Today would be the night simulation and the scattered showers of earlier were becoming more and more regular. It was time for the instructors to take a step back and let the students use the knowledge they had gained from to make decisions on what to take when heading out into the wilderness. Does it make sense to put the wheel on the Stokes evacuation basket before heading out or put the wheel on when would you find the patient? What drugs and equipment would be most helpful and what would just add more weight? The different backgrounds now with a common knowledge of outdoor medicine were all working, thinking and providing input. RN Jessica Redford could not contain herself. “This is so exciting!” she said, with a childlike grin and gleam in her eyes.
The most valuable pieces of equipment the class would be using would not be carried in backpacks or stretchers but carried between their ears. “Stick to the plan. That will get you through” Johnson said to the group.
At 6:30 PM, the simulation began. The sun set some twenty five minutes earlier and the overcast day was now a steady rain. The students were divided into “hasty teams”- those who traveled lightest, got to the patients first and managed immediate life threats- and “medical teams” who carried more equipment and supplies, including equipment for evacuation. The students were then given the scenario – a biological research team went to the woods to study the golden salamander. A flash flood went through the valley and no one had heard from them.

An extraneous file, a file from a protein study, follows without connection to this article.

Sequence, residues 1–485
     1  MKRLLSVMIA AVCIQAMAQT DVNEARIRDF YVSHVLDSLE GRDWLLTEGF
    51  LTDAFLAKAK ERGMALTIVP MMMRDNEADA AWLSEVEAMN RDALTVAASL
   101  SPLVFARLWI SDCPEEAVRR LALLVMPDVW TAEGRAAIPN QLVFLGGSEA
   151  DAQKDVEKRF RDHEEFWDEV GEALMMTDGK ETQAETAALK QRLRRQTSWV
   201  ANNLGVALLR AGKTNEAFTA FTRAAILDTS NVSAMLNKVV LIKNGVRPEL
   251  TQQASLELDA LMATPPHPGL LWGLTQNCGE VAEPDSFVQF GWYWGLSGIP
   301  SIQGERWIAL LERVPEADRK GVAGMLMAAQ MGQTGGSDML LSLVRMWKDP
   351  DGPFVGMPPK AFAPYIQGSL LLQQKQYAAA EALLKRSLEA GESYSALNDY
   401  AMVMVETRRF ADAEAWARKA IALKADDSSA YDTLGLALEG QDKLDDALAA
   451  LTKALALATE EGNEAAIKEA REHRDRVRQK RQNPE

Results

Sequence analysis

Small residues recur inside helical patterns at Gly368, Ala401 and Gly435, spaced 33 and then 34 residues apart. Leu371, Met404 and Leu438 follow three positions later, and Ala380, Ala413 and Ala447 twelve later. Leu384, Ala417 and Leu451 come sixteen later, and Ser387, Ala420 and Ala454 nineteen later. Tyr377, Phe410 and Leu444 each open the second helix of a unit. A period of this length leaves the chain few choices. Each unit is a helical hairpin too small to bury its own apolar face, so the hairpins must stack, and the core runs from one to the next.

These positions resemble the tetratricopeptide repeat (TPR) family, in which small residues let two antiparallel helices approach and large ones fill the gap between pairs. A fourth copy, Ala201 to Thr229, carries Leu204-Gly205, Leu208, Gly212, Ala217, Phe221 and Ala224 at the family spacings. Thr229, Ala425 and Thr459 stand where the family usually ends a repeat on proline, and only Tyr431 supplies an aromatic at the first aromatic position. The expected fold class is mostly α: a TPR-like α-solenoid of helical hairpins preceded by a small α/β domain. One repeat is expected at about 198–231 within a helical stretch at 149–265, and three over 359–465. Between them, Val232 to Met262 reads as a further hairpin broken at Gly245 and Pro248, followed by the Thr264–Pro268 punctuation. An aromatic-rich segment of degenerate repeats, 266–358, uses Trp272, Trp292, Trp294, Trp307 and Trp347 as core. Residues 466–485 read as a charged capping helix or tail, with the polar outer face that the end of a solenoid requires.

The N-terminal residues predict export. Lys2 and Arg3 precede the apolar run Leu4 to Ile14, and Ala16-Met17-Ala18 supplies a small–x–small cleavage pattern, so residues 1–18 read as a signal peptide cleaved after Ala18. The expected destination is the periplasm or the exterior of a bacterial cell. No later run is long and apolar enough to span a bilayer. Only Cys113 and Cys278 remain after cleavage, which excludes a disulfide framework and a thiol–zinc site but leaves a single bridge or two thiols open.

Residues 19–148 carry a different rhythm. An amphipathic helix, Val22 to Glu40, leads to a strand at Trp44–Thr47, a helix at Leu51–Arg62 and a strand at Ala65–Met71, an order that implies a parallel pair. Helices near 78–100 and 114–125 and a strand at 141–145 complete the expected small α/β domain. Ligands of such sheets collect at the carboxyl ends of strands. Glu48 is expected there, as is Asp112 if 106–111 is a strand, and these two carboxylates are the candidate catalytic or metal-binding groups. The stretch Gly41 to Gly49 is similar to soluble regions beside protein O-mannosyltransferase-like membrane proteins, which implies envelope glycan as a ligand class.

Down the trail they met a terrified woman saying the group had been caught in a flood and the other three were in the valley and hurt. She was walking and talking and only had a twisted ankle so the team pressed forward. The darkness, rain, mud, plus a drop off kept the rescuers mindful to not become victims.
At 6:48 pm the hasty team met chaos. One man was screaming in pain down by the creek with an obvious broken tibia and hip displacement. A woman was doing CPR on the unconscious professor and said she had been for the last hour. “Can someone help me?!?” she yells at the rescuers as they were still assessing the scene. Two were in the hasty team and they had three patients. Paramedic Jenna Graham called in on the radio for the others and then began taking over CPR. Revery Barnes stayed with the injured man. Temperatures were in the mid-50s, not terrible, but enough that wet clothes could lead to hypothermia along with the injury.
About five minutes later, more help arrived. The patient was given morphine; splinted and stabilized enough to move him up the hill closer to the Stokes basket. At 7:12 the patient was loaded and ready for transport. The decision was made to stop CPR on the professor and that the woman performing CPR was ok to walk out. It was a reminder to the students that tough decisions need to be made where calling for another ambulance is not an option. Heading up the muddy trail the students were in full team mode. “Rock ahead” and “does anyone need to change places?” was the conversation for the uphill trek by flashlight and headlamps to the command post. The best advice for walking in the mud was “dig in!” No one fell.
At 7:33, the patient was in the building. Rain gear came off and it was time for a debriefing. It was record time according to Johnson – just under an hour- that the team made it to the command post. The team applauded. And “team” now seemed a more descriptive word for a group of health professionals from nursing, EMS, big cities and small towns who just succeeded outside of the hospital and, more importantly, outside of their comfort zones.